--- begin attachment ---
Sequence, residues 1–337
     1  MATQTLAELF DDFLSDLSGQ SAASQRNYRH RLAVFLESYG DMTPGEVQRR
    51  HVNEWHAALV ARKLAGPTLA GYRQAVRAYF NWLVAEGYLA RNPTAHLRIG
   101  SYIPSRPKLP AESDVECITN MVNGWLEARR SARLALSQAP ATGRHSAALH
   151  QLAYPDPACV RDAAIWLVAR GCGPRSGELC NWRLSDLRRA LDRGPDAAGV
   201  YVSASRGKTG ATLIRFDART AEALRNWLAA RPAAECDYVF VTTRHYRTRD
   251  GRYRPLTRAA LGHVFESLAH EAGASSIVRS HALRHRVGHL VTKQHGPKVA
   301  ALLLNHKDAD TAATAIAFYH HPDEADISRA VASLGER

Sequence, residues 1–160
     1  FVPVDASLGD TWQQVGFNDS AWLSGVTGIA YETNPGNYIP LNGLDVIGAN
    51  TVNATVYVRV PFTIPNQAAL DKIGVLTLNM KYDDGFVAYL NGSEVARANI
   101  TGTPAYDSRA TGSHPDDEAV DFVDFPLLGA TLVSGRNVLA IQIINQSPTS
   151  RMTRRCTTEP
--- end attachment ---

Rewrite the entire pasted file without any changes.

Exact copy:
Sequence, residues 1–337
     1  MATQTLAELF DDFLSDLSGQ SAASQRNYRH RLAVFLESYG DMTPGEVQRR
    51  HVNEWHAALV ARKLAGPTLA GYRQAVRAYF NWLVAEGYLA RNPTAHLRIG
   101  SYIPSRPKLP AESDVECITN MVNGWLEARR SARLALSQAP ATGRHSAALH
   151  QLAYPDPACV RDAAIWLVAR GCGPRSGELC NWRLSDLRRA LDRGPDAAGV
   201  YVSASRGKTG ATLIRFDART AEALRNWLAA RPAAECDYVF VTTRHYRTRD
   251  GRYRPLTRAA LGHVFESLAH EAGASSIVRS HALRHRVGHL VTKQHGPKVA
   301  ALLLNHKDAD TAATAIAFYH HPDEADISRA VASLGER

Sequence, residues 1–160
     1  FVPVDASLGD TWQQVGFNDS AWLSGVTGIA YETNPGNYIP LNGLDVIGAN
    51  TVNATVYVRV PFTIPNQAAL DKIGVLTLNM KYDDGFVAYL NGSEVARANI
   101  TGTPAYDSRA TGSHPDDEAV DFVDFPLLGA TLVSGRNVLA IQIINQSPTS
   151  RMTRRCTTEP